Two years ago the state legislature passed a law that extends the tobacco ban on school property to include sporting events. The law even applies to athletic fields that the school may not own, but uses.
Friday night, Harrison County sheriff's deputies will write tickets to tobacco users at the Harrison Central/D'Iberville game. Last year, people got warnings.
"That's what the law says, that the first time you warn them, the second time they get a ticket, and it's $75. The third time it's a $150 fine. This is not a criminal law, it's what we call a civil law... They won't have a criminal record and all the tickets will go to the justice court in their jurisdiction. The money goes into the general fund of Harrison County," Jimmy Johnson with Partnership for a Healthy Mississippi says.
Johnson says people have a choice if they want to smoke or use tobacco, but not if it infringes on other people's rights.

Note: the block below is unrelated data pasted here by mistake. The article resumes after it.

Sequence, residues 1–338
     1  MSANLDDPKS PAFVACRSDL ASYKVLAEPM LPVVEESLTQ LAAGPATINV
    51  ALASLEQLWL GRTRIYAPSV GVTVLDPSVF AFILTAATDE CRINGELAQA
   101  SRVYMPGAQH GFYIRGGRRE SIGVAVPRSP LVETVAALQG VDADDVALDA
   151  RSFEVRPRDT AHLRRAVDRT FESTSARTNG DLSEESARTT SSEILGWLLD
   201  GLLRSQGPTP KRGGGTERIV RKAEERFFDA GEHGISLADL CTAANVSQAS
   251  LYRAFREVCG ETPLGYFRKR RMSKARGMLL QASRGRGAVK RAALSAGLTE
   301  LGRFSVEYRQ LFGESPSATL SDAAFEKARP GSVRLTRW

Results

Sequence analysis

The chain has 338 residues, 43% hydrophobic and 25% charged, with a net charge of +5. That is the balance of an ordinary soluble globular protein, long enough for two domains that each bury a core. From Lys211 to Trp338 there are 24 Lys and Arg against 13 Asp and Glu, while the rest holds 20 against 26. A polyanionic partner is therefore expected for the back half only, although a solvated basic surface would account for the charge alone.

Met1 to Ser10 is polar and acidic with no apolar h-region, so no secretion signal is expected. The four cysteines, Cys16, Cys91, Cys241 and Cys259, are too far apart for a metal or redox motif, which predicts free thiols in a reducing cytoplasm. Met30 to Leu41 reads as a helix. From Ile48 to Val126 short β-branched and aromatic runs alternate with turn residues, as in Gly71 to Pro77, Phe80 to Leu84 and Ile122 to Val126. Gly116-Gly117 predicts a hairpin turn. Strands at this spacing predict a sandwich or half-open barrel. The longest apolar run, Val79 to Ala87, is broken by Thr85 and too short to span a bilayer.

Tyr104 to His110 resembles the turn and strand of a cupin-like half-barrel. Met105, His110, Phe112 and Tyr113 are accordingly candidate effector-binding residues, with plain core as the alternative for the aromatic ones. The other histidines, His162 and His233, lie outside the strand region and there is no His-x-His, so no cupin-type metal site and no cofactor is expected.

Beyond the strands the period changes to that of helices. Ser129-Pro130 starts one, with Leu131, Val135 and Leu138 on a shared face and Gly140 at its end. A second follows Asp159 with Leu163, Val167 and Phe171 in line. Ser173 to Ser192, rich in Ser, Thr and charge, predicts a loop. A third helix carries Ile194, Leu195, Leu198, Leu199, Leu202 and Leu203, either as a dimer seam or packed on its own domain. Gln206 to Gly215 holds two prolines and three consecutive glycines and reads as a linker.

"You're blowing smoke from a pipe or cigar or cigarette around me, or spitting' in a cup, that's very disgusting. Plus I can't see the game, plus that second hand smoke I'm inhaling is endangering my life. So it's not really a choice, it's a health issue."
The sheriff's department wants the city police departments also to write tickets at school games. But Biloxi Chief Bruce Dunagan says he doesn't have the manpower to do that. Still, he says his officers look for violators.
"When they did see somebody lighting up a cigarette, or some type of chewing tobacco, they would advise them if they wanted to do that they had to go off the grounds, which they did comply. We had very few incidents," Dunagan says.